Interest Rates Skyrocket to 40% in Turkey


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President Erdogan’s Policy U-turn Signals Determined Effort to Stabilize Economy and Tackle Soaring Inflation Head-On.

In a significant policy shift, Turkey’s central bank has announced a substantial increase in its main interest rate to 40%, aiming to curb inflation, which reached 61.36% in October and is projected to peak between 70% to 75% by May 2024.

President Recep Tayyip Erdogan, known for his previous aversion to higher interest rates, has embraced a decisive change in economic strategy following his re-election in May. Acknowledging the pressing need to address the country’s economic challenges, President Erdogan enlisted the expertise of Hafize Gaye Erkan, a former Wall Street banker, to guide the nation through this economic pivot.

The unexpected increase from the previous rate of 35% underscores Turkey’s commitment to stabilizing its economy and preventing inflation from spiraling further out of control. The central bank, under Erkan’s leadership, emphasized that these measures are vital to slow down rising prices and create a foundation for sustained economic stability.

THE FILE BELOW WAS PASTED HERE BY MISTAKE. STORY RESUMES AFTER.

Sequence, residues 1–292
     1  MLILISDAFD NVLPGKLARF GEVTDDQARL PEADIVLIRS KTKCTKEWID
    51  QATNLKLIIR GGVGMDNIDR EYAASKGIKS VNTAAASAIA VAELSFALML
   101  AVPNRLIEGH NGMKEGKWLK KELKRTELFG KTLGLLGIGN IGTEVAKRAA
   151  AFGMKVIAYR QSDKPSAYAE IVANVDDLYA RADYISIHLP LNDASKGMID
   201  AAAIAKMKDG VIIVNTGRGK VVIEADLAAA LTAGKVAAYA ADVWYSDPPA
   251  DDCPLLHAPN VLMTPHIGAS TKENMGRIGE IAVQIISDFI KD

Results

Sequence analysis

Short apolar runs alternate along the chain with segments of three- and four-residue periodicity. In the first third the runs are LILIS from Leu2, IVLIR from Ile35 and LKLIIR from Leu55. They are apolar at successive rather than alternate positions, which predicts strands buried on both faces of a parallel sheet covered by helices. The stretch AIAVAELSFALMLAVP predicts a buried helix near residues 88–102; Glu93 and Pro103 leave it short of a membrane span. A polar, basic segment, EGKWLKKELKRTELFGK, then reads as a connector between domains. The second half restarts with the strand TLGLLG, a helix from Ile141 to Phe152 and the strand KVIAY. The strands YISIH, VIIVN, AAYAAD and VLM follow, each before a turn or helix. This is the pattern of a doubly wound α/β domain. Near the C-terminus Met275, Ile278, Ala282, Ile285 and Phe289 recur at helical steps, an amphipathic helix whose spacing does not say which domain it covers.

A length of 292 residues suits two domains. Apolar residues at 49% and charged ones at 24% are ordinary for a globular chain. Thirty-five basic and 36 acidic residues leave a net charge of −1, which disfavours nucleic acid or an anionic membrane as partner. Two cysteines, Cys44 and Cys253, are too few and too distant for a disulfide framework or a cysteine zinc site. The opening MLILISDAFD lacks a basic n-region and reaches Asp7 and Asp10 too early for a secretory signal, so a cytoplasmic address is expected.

“The pace of monetary tightening will slow down, and the tightening cycle will be completed in a short period of time,” stated the central bank. It further affirmed that interest rates would remain at elevated levels for “as long as needed to ensure sustained price stability.”

Turkey, once celebrated for its rapid economic growth, has faced challenges in recent years. The central bank’s previous policy of reducing interest rates amid high inflation led to a currency crisis in 2021. In response, the government implemented measures to safeguard lira deposits from currency depreciation.

The current move to raise interest rates is a proactive step to rectify past economic imbalances and ensure a more resilient and stable financial future for Turkey. The government and the central bank expressed confidence in these measures, emphasizing their commitment to steering the nation toward sustained economic recovery.

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